It's only fair to share…

So, you decided to have a baby, but it’s been months, and still no baby.  One in 6 couples experience infertility which is defined as not getting pregnant after actively trying for 12 months (or 6 months if you’re 35 years or older).

Or maybe, you have some type of pre-existing barrier to fertility, such as previous cancer treatments, having blocked fallopian tubes, or needing donor sperm?  There’s a plethora of different reasons why you may need to see a Fertility Specialist, and a plethora of different treatments that your Fertility Specialist can offer you depending upon your needs….but one thing remains consistent….a nutritious diet in the lead up to conception will boost both your chances of success, and the future health of your baby.

Optimise dietary conditions

A range of dietary conditions have been associated with poorer fertility outcomes.  If you, or your partner has a dietary condition (such as polycystic ovarian syndrome, endometriosis, Coeliac Disease, Crohn’s disease, diabetes etc) ensure that you optimise your nutritional status before commencing any Assisted Reproductive Therapies.

Egg health

Your eggs provide the genetic material for the formation of your baby.  Poor egg health is one of the primary reasons that it becomes increasingly difficult to conceive the older that we get.  Women are born with all of the eggs that we are ever going to get – we can’t make new ones, so we need to look after them!  Research shows that what we eat has a significant impact on the health of our eggs.  For example, the antioxidants found in vegetables can protect our eggs from free radical damage, so ensure plenty of different coloured vegetables in your diet each day.

Sperm health

It takes two to tango!  And, we also need healthy sperm to get pregnant. Sperm also provides genetic material for the formation of your baby, so what your partner eats in the lead up to conception will impact your baby’s future health.  Key considerations include optimising weight and avoiding alcohol intake.  If your partner/sperm donor has problems with sperm health (such as a low sperm count, poor sperm morphology etc), emerging research suggests that key micronutrients may help.  Liaise with your dietitian to determine the best dietary changes and nutritional supplements to optimise his unique needs.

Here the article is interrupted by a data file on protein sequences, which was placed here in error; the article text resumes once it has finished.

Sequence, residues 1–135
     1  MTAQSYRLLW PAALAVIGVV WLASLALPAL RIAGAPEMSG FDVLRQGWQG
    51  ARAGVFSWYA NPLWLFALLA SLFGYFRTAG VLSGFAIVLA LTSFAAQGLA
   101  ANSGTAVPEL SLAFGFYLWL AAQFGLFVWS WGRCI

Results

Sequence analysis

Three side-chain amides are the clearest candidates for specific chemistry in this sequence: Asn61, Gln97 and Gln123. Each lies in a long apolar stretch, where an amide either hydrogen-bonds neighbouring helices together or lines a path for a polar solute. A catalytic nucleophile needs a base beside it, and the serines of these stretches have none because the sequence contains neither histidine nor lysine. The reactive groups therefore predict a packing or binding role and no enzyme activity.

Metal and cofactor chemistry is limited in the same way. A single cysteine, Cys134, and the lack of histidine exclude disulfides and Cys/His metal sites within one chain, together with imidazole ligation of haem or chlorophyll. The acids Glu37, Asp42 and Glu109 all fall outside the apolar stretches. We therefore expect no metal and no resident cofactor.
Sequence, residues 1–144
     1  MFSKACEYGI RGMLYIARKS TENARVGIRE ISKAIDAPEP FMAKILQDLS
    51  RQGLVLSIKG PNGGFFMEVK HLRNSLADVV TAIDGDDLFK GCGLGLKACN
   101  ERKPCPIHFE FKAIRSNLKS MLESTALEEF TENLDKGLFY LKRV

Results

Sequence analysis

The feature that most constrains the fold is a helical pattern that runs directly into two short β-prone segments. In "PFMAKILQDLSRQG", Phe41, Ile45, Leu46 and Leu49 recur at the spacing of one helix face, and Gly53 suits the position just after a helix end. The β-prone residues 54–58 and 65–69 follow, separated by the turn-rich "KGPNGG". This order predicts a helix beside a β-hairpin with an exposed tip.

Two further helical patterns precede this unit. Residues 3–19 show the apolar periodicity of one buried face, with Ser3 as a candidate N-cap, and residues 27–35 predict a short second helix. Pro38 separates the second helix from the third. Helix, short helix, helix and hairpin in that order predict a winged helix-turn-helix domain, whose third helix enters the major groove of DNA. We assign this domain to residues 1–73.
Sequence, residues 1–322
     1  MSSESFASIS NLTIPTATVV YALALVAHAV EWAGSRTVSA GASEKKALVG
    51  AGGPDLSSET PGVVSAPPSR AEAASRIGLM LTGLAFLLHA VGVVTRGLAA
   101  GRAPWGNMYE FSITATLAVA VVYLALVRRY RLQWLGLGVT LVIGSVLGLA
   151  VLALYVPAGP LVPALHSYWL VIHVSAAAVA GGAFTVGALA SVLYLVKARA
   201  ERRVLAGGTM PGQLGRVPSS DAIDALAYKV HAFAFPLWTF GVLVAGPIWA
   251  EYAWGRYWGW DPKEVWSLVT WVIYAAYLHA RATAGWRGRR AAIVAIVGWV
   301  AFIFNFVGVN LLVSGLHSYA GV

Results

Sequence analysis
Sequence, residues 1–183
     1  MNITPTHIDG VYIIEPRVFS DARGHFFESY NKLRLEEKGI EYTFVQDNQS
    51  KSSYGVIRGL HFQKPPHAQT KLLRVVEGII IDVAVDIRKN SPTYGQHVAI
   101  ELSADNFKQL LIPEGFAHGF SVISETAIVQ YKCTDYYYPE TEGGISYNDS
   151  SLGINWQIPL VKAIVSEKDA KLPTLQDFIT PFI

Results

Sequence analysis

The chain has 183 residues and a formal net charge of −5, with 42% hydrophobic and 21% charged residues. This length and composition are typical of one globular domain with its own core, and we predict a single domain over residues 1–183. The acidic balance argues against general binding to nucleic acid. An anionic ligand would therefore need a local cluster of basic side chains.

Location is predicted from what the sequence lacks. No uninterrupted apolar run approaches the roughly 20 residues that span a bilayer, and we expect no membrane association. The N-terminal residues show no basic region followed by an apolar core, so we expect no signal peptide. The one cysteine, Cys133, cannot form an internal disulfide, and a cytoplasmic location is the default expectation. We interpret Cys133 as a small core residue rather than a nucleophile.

One of the most common barriers to conceiving is ovulatory dysfunction.  This includes irregular ovulation and anovulation (not ovulating at all).  Body fat levels are one of the most important considerations for ovulatory dysfunction.  Most people don’t realise that body fat impacts the amount of estrogen that your body produces which goes on to impact when you ovulate.  So, if you have ovulatory dysfunction, consider optimising (gaining or losing) your levels of body fat.


Implantation is when your embryo implants itself into your uterine lining.  To optimise implantation, you’ll need a thick uterine lining and low levels of inflammation.  Emerging research suggests that key micronutrients may be able to assist uterine lining thickness.  Reduce inflammation with an anti-inflammatory diet which is rich in good fats.  Emerging research suggests that some foods, such as wholegrains, may also be associated with increased implantation success.

Decreasing miscarriage

It’s also essential to minimise miscarriage risk.  Fruit has been found to be one of the best foods for reducing miscarriage risk.  It’s believed that fruit lowers a hormone calledandrostenedione which has been linked to higher rates of miscarriage.

Nutritional supplements

It is also recommended that you commence a supplement containing folic acid prior to commencing Assisted Reproductive Therapies to reduce the risk of your baby developing a Neural Tube Defect.  Most women will also require iodine to help optimize the production of thyroid hormones during pregnancy.  Speak to your dietitian about the best nutritional supplement regime for your unique needs.

Your dietary intake and nutritional status can go a long way to optimizing your fertility, so make sure that you liaise with a Fertility Dietitian when you commence your next Assisted Reproductive Treatment.